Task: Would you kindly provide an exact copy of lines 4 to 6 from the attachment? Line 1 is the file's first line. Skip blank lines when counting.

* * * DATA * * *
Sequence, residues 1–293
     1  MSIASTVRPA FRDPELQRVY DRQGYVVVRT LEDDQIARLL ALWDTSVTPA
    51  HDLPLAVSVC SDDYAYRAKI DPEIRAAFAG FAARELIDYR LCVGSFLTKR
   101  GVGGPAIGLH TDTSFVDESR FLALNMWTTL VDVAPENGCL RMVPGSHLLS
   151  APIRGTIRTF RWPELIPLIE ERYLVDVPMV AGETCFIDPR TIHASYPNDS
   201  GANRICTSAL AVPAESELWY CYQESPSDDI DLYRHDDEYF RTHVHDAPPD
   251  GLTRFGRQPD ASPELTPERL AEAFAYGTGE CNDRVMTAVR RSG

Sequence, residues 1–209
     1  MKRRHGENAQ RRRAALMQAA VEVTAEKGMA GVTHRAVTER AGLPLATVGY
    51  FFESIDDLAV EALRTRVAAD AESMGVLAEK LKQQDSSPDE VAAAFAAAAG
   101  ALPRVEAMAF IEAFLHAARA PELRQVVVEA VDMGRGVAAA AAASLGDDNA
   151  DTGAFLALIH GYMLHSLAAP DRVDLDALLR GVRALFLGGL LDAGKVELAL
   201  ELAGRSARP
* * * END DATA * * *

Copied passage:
   101  GVGGPAIGLH TDTSFVDESR FLALNMWTTL VDVAPENGCL RMVPGSHLLS
   151  APIRGTIRTF RWPELIPLIE ERYLVDVPMV AGETCFIDPR TIHASYPNDS
   201  GANRICTSAL AVPAESELWY CYQESPSDDI DLYRHDDEYF RTHVHDAPPD